Aussie banks pay $7.3m in bonuses to employees
Banks are paying bonuses to staff as they struggle to keep up with demand and profit margins in the retail industry, despite being among the largest lenders in the world.
Key points:More than 100 payday lenders are being investigated by the Australian Competition and Consumer Commission (ACCC)The banks are offering bonuses ranging from $100,000 to $250,000The Australian Competition Commission is investigating more than 100 Australian payday loan lenders, including several owned by banks,The ACCC says it will investigate the firms if the banks are found to be breaching the Competition and Marketing Act.
The Australian Financial Services Commission is also looking into more than 200 Australian payday lending companies.
The ACCCC said it is investigating the companies on two fronts.
The first is that payday lending businesses are being singled out by the ACCC for enforcement action because they are using high-pressure marketing techniques to entice customers.
“While the ACCc is aware of some examples of marketing techniques used by payday lending providers, these examples are relatively few and are not representative of all payday lending operations in Australia,” it said in a statement.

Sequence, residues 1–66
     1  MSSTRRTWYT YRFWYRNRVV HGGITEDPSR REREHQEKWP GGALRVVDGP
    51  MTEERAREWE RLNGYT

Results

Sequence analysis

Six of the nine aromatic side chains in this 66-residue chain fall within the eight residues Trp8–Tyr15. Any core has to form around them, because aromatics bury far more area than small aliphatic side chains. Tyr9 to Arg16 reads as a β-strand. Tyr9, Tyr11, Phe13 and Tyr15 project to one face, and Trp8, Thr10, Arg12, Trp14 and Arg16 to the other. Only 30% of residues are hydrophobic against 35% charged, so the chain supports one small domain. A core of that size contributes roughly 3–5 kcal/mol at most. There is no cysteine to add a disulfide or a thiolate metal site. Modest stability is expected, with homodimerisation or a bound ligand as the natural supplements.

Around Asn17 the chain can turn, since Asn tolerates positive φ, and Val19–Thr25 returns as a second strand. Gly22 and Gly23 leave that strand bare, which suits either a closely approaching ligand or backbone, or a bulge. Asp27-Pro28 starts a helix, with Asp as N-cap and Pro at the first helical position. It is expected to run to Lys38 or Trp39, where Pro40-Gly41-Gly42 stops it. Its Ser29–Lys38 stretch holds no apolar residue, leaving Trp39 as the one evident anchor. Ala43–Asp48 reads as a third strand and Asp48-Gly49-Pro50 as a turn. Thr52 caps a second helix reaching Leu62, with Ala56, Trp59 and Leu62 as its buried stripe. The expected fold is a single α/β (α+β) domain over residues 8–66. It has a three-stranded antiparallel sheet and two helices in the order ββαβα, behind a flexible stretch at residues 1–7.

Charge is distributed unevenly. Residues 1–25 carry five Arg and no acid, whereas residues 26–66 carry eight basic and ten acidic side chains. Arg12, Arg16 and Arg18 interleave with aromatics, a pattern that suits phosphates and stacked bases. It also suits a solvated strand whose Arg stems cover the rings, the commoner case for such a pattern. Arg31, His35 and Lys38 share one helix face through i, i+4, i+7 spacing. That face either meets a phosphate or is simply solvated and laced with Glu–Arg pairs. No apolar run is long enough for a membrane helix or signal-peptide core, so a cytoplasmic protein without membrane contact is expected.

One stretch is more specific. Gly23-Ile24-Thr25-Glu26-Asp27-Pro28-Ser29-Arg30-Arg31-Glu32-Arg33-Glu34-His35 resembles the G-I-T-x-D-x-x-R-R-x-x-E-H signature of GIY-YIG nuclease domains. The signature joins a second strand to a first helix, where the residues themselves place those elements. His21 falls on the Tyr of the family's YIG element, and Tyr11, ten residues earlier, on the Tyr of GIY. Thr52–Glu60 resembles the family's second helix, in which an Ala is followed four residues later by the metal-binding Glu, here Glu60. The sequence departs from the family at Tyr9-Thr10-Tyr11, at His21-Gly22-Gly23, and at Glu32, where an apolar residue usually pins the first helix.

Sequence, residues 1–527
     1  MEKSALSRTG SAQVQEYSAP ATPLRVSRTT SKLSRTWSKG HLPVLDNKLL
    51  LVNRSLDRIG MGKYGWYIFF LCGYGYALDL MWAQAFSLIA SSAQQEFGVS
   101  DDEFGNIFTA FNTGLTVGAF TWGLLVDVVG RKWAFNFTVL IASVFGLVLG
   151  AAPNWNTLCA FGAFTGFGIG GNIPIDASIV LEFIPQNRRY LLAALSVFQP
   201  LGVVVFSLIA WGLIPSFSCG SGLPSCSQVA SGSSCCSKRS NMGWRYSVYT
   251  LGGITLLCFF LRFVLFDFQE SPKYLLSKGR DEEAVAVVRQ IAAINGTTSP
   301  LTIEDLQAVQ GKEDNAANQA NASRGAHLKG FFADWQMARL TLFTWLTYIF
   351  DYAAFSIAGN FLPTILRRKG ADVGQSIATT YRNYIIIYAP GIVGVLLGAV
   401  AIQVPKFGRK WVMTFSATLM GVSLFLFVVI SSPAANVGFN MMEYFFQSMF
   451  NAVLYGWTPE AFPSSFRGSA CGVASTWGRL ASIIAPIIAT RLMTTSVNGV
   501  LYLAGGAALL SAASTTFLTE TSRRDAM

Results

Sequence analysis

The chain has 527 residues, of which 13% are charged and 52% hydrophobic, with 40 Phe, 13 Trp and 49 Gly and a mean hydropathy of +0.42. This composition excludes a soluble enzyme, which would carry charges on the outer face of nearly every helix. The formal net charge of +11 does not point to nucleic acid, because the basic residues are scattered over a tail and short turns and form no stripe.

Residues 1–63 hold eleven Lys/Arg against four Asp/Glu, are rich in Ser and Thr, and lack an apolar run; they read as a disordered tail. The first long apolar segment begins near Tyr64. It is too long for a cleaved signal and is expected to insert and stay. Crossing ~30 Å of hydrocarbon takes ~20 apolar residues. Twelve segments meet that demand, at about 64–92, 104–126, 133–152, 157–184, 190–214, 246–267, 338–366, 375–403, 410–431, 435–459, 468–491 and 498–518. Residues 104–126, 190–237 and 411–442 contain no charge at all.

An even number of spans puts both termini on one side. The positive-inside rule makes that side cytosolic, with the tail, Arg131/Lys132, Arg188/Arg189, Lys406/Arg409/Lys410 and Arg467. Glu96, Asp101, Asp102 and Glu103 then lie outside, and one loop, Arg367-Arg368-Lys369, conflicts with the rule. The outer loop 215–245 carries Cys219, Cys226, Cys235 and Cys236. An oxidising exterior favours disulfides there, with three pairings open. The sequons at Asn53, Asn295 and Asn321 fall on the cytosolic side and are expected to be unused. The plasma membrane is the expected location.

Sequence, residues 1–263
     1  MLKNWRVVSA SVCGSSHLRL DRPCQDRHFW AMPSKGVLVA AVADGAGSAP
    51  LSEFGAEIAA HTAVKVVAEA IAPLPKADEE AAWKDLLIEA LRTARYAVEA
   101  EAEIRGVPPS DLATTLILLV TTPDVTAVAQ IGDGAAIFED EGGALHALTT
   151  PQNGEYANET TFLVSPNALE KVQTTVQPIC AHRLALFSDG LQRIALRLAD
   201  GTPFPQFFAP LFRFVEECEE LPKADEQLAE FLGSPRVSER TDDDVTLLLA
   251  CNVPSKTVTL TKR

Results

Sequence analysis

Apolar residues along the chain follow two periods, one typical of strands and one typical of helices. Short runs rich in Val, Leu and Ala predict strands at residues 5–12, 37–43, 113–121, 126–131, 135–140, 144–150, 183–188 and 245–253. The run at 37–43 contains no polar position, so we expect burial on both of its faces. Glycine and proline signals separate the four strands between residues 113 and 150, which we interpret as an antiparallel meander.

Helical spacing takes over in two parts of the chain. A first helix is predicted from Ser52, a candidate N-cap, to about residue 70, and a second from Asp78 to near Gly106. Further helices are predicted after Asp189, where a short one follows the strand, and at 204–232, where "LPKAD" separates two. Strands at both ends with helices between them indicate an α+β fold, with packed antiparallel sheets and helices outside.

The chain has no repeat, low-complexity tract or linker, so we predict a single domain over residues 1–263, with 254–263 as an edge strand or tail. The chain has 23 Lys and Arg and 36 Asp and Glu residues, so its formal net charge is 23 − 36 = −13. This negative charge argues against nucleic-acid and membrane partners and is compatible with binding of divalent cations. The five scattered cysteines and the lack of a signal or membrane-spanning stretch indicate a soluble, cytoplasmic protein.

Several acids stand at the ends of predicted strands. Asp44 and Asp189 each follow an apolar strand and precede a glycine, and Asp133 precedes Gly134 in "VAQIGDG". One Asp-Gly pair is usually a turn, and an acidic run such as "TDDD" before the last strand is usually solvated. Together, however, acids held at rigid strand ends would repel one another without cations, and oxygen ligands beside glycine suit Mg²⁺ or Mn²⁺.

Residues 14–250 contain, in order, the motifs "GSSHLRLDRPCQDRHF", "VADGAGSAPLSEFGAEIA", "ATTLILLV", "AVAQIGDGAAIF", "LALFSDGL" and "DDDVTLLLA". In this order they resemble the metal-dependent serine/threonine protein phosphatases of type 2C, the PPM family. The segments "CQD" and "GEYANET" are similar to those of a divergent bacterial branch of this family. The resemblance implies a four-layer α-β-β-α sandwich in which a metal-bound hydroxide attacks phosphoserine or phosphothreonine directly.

The second is that the banks have been giving bonuses to their staff based on performance.
It said the bank bonuses were based on three factors: customer satisfaction, cash flow and profitability.
The commission is looking into a range of other payday loan practices, including cash advance promotions, and whether some banks are breaking the law.
“These practices may involve a high level of pressure and a willingness to pressure borrowers to repay their loans, but they do not appear to fall within the definition of deceptive marketing,” the ACCCC statement said.
The banks, which include Bank of America, the Commonwealth Bank, Macquarie Bank, Westpac and ANZ, are among a number of banks that have been hit by an industrywide crackdown on payday lending.
The industrywide clampdown is targeting payday lenders who advertise that they are a high-end financial service for borrowers in the areas of credit, loans, mortgages and payday loans.
The crackdown has also hit online businesses, particularly the payday lending websites, and many people are relying on the online services to make payments.
More than 130 Australian payday lenders have been shut down since August, according to the ACC, with the majority of those being operated by a handful of companies.
In August, the ACCS issued a warning to lenders about the “toxic environment” in which they were operating, which prompted some of the lenders to close.
However, the industry is continuing to flourish despite the crackdown.
“The ACCS will continue to monitor these issues and take further enforcement action as they come to light,” a spokesman for the ACC said.